Cummulus Weather Dashboard
This weather template software is used in conjunction with the file generated from the cummulus realtime plugin. The dashboard software is copied across to your web server and used for displaying all manner of statistical representations of your data.

Setting Up the Raspberry Pi

The Basic set-up of a Raspberry Pi has been covered in detail at the main Raspberry site:

Installing Debian "Stretch" on a Raspberry Pi

If you are new to using or working with a Raspberry Pi, I would recommend using the "NOOBS" (New Out Of Box Software) option. For this particular exercise, I have gone with the instructions for using the "NOOBS" setup. Once the OS has been installed, I carried out the following additional setup:

Activate SSH connectivity on your Raspberry Pi

When you come to working with your Raspberry Pi, you will find it very useful to activate the "SSH" option which will allow other computers on the same network to connect directly to the "Pi". To activate "SSH", follow the instructional guide below:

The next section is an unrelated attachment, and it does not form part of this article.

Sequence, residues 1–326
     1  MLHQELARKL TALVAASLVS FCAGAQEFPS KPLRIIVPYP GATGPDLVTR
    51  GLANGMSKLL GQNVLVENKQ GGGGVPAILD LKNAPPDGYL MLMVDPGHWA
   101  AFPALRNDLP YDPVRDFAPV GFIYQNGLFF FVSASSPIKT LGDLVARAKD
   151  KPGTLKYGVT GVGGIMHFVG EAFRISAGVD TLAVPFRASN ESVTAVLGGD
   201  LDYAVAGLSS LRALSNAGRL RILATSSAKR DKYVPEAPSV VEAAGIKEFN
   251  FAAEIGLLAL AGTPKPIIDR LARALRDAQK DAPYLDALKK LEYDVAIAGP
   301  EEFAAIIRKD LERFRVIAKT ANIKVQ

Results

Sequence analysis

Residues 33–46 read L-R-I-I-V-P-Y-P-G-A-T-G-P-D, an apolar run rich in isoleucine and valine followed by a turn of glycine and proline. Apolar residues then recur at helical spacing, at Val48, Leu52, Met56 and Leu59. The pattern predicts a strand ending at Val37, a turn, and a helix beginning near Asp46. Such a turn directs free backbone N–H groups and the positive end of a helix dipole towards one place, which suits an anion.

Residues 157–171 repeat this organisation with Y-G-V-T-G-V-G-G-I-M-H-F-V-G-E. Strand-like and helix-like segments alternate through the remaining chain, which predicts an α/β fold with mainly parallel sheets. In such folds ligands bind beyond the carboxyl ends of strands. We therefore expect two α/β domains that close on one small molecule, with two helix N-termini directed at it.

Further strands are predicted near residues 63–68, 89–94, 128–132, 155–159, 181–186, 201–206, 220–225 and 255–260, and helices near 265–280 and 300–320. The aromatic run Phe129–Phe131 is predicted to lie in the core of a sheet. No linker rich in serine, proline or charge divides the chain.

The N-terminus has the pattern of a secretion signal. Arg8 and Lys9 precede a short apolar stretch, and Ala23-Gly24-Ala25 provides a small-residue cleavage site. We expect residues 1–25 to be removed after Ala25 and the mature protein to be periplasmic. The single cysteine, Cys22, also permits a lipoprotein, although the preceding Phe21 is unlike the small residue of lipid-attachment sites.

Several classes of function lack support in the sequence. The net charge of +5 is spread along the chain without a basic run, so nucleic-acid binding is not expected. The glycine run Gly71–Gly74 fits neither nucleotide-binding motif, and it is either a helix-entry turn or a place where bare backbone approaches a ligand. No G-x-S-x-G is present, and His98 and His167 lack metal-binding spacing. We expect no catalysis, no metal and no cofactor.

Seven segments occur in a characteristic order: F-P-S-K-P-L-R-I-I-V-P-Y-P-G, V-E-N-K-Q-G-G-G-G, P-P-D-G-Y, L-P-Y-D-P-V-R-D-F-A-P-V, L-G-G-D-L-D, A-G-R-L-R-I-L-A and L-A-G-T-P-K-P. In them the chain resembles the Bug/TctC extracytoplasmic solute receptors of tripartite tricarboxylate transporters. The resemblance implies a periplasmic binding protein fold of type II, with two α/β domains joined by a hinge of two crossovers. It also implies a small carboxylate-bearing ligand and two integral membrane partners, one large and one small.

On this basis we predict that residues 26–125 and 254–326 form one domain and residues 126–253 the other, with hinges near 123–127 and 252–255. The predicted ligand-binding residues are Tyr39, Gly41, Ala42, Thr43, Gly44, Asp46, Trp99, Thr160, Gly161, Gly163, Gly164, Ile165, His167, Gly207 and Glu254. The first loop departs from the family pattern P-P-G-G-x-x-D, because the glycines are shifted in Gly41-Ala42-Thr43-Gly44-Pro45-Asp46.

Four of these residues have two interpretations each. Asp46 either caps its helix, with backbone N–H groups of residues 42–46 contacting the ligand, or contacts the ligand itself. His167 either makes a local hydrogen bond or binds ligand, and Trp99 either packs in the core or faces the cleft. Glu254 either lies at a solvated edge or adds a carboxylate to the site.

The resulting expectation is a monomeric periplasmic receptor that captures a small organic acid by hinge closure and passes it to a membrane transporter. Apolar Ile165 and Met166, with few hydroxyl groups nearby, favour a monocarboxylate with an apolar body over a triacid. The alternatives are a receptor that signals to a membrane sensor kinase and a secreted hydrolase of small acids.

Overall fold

From the "Raspberry Pi" start button, select "Preferences" > "Raspberry Pi Configuration"

Raspberry Pi SSH Configuration

From this menu, simply select the Middle Tab "Interfaces" and click on the "Enabled" option and then click on "OK". Once you have done that, you may now "ssh" to your Raspberry Pi from other computers/devices on the same network. Before you go any further it is advisable to change your default raspberry pi password.

By default the user "pi has been created for you with a password of "raspberry". To change this, simply click on the "Terminal" icon on the top row of your desktop. (Normally the fourth icon across). Once clicked, this will open a command line terminal where you can issue the following command to set your new password: (command issued: sudo passwd pi